Happy start of the New Year, which for me takes place in September. As friend put it, January New Year is merely a stocktaking. It’s all working from home and chasing people for overdue drinks in the balmy Brussels. Re-establishing routines and sort of planning for a life after a long while feels like wrapping self in tartan, which never fails to appear as the seasonal freshness come September.
It was a summer of sporadic reading, and even more sporadic writing. I lost the routine to read daily, and it threw me off kilter. I bought lots of books, and then couldn’t really concentrate on anything. There were some highlights, such as Tove Ditlevsen’s Copenhagen Trilogy, but also quite a bit of meh. I’m slowly working my head back on gear, and Katie Kitamura’s Intimacies was very helpful for this exercise.
Her novel was on Obama’s summer reading list, which usually is a decent curation of good reads. It’s about a Singapore-born interpreter, who relocates from UN New York Headquarters to work in the International Criminal Court in The Hague. The reader can choose from several layers to focus on (language, relationships, justice, working in an international organisation), and will be a relatable read for any expat who’s ever felt rootless and wondered where home really is.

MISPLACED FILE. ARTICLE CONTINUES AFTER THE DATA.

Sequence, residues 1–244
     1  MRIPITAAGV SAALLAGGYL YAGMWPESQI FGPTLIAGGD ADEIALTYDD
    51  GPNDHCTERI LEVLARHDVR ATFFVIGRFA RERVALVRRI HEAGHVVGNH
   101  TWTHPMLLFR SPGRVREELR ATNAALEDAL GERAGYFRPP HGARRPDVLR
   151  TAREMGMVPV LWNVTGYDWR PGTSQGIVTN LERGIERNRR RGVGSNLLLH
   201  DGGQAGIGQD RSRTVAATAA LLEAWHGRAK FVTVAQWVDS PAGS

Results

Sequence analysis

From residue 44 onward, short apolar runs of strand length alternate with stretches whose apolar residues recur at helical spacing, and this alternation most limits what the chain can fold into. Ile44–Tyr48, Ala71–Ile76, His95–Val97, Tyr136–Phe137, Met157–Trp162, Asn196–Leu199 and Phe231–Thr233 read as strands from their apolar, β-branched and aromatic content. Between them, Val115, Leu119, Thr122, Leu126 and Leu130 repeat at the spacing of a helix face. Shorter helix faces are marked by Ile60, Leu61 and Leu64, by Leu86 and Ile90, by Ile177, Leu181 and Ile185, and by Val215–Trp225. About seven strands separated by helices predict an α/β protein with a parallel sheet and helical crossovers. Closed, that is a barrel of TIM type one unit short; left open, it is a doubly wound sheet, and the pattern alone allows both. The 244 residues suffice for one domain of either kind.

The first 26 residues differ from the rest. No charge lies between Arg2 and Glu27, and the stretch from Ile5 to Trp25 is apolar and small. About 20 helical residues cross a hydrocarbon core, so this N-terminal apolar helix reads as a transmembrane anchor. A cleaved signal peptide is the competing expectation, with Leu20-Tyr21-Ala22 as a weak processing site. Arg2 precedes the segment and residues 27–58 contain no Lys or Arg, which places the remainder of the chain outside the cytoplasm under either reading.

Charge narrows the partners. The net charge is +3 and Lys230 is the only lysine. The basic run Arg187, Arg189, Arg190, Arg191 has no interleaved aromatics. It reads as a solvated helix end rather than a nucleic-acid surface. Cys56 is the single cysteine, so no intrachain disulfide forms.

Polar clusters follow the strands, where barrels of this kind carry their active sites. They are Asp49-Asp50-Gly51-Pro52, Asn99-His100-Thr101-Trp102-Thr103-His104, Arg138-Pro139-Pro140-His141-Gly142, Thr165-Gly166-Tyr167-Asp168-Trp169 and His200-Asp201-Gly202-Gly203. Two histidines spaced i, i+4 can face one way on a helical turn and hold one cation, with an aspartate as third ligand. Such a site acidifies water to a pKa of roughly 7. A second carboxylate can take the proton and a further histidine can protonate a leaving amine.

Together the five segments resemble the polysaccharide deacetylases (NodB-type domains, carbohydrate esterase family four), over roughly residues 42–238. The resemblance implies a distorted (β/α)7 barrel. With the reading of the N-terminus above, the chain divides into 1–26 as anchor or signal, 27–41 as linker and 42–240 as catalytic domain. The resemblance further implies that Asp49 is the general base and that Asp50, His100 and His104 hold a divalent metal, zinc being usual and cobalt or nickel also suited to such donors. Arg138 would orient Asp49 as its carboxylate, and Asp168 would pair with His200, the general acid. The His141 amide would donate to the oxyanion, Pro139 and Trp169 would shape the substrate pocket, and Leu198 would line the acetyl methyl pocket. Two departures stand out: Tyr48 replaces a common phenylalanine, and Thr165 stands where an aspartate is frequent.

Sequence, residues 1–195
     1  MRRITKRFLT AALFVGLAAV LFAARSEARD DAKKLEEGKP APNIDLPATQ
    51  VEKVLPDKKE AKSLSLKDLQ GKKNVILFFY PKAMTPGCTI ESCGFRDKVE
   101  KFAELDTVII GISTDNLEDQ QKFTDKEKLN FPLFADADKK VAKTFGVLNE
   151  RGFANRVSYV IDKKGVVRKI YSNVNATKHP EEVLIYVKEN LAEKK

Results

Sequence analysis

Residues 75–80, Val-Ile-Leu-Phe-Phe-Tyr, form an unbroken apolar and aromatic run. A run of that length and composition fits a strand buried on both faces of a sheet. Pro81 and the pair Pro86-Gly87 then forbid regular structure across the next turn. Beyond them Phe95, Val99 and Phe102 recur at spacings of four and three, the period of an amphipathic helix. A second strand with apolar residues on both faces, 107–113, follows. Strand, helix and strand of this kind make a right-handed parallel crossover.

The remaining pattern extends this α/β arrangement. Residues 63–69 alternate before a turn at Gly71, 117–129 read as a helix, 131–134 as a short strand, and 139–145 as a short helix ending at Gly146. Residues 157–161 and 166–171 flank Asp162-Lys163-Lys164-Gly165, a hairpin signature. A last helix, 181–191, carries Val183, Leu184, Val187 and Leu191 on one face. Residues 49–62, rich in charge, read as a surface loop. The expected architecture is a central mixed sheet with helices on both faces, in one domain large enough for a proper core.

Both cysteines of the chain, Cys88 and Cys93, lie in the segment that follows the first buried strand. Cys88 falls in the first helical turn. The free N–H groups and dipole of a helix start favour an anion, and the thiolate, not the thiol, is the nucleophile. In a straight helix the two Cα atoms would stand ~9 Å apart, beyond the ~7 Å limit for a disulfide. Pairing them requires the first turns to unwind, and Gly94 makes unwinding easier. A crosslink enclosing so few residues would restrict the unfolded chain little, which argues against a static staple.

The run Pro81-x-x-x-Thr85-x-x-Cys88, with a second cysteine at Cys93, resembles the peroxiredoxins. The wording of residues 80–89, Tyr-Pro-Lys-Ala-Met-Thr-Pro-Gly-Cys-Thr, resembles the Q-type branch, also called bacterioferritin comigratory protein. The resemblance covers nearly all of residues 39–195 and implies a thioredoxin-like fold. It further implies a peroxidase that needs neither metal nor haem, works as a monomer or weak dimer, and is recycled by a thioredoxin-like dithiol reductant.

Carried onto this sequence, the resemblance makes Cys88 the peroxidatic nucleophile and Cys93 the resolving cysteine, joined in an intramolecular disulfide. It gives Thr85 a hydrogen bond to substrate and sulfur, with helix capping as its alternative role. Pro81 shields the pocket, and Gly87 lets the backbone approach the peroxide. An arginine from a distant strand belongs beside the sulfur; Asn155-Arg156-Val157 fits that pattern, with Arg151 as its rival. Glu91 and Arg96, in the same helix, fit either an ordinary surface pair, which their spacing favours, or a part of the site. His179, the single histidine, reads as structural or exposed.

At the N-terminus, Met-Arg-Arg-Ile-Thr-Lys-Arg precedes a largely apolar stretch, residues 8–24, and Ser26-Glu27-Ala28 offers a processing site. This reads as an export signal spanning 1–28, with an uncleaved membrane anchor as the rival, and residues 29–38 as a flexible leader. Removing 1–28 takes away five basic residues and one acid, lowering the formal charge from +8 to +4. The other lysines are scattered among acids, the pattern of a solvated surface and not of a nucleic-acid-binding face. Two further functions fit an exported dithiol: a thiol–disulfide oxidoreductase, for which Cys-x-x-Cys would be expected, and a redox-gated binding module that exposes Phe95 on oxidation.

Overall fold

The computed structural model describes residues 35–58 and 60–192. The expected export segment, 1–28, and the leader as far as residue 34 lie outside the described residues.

Intimacies is an elegant and easy read with no great plot-twists, but carried a sort of simmering, uneasy undertone throughout. It’s also a very realistic and sharp description about an interpreter’s job, and makes the inevitable mention and reference also to the film Interpreter (which starred Nicole Kidman and Sean Penn), also set in the UN.
Maybe something to ease the mind back to work and office life, especially all of those who work in international environments.
I read Mary Gaitskill’s This is Pleasure some time ago, and reread it this summer. It’s a short, fictional novella about complications of work-related gender relations. It is of course impossible to read it without constant mirroring with the #metoo conversation, but the story is so complicated, much like real life often is, that it cannot be categorised as some #metoo manifesto.
Inspired by This is Pleasure I looked up Gaitskill’s earlier works, and read Bad Behavior (collection of short stories) and Two Girls, Fat and Thin. Both extremely enjoyable and much recommended. Both deal with urban life and its complexities: intimacy, loneliness, sex, desire, power games – and everything is set in New York circa 1980-1990. Mind has to travel as the ban is still not lifted, thank you very much.
Photo credit: Twin Peaks, copyright ABC.